Colorado – One of the important areas that many people skip on insulating are shed and cabin floors due to limited access to the underside of floors because of small crawl spaces or budget problems. One of the main problems, especially in very cold environments is the combination of using propane to heat, cold furniture, and lots of humidity inside a shed, cabin or home.

Propane releases a lot of moisture when it burns and then cold furniture such as metal bed frames, claw feat on a bathtub and even the legs of a wood stove where the metal is cooler than the room or cold because the floor is not insulated causes water to condense, drip down and then saturate the wood underneath.  This will cause the wood to rot and black mold to spread underneath the floor and into the home’s walls. By the time you discover the problem, it will be a giant mess and very expensive to clean up properly. It is much better to insulate as much as your budget will allow.

The best way to protect against moisture build up during winter months is to insulate underneath the floors and all of the walls. Filling the spaces between the floor joists under the cottage with insulation batts is the simplest and most cost-effective method to prevent air leaks and cold air from seeping int. To get the highest R-value, completely fill the cavities between the joists and then seal with plastic sheets or tape all seams.

If you only use the cottage a couple of weekends each winter, adding minimal insulation would be enough to keep your tootsies from freezing solid when you step out of bed in the morning. But if you’re crawling under the cottage to insulate anyway, then make dodging the spiderwebs worthwhile by spending a little extra money and time and getting the most R-value for your efforts.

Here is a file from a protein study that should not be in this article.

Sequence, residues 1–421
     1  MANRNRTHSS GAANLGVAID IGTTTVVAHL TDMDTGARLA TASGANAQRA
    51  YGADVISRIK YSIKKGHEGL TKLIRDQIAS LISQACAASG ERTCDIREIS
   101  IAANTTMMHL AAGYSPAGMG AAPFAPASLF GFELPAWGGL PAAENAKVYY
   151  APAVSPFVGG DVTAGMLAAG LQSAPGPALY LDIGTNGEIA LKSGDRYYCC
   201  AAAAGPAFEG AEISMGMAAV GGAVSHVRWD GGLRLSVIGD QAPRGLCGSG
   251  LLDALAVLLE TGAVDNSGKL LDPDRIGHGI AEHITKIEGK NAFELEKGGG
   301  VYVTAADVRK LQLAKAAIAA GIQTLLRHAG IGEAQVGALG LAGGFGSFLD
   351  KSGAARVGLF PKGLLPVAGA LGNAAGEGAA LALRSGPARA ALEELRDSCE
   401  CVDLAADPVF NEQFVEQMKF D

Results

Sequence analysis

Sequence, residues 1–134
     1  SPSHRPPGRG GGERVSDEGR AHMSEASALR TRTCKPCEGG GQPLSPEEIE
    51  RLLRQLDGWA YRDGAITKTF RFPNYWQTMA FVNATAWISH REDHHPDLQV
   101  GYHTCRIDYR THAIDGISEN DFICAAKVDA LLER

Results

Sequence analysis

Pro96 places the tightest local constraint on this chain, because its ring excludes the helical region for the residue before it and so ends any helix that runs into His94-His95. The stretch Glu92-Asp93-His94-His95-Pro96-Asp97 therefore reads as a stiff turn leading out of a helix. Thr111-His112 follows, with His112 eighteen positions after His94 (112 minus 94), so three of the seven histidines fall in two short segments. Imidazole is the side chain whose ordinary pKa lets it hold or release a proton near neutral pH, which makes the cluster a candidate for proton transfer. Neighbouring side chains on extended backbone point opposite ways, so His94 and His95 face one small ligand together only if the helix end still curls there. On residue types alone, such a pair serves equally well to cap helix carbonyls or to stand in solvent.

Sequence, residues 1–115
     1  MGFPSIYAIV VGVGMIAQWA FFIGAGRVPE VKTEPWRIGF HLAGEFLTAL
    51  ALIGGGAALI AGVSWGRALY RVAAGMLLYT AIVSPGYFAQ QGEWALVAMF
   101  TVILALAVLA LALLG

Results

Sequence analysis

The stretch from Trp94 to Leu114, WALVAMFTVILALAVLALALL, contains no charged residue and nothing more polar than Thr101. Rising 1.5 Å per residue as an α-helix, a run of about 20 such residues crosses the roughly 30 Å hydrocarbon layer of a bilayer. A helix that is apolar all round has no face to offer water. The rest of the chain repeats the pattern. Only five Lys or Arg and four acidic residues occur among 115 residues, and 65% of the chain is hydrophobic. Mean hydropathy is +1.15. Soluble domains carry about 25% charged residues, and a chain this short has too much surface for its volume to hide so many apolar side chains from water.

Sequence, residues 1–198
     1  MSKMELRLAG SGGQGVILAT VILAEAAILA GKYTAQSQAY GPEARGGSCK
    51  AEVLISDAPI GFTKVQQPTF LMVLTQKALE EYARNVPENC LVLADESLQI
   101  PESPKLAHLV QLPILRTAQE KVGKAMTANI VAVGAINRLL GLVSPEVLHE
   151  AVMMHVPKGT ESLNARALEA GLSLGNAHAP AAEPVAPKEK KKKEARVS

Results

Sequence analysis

Cover your insulation with 1/4 “hardware cloth” also called #welded wire.” The size of metal screen should be small enough to keep out nuisance animals, such as mice. Place the insulation batts against the underside of the floor, then cover with the hardware cloth, securing it to the joists with a staple gun. Make sure you haven’t overfilled the space—squishing the batts a little bit is okay, but too much compression will reduce their insulating properties.

It would also be worth your while to either install welded wire all the way around the perimeter of the house and/or run soffit all the way to the ground.  And like the perimeter of a chicken coop also bury the welded wire flat going out 2 ft from the home’s edge. Then bury it and stack heavy rocks all the way around. This will keep skunks, coons, opossums, foxes, rabbits, rats, mice and all kinds of varmints from making a home underneath your cabin.

Source: https://cottagelife.com/design-diy/insulating-the-floor-of-a-cottage/

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How to Pour Cement Wall Foundation Footers for an Off Grid Shed, Cabin or Home

Off Grid Living – How to Pour Cement Wall
Foundation Footers for an Off Grid Shed, Cabin or Home

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Off Grid Living - How to Pour Cement Wall Foundation Footers for an Off Grid Shed, Cabin or Home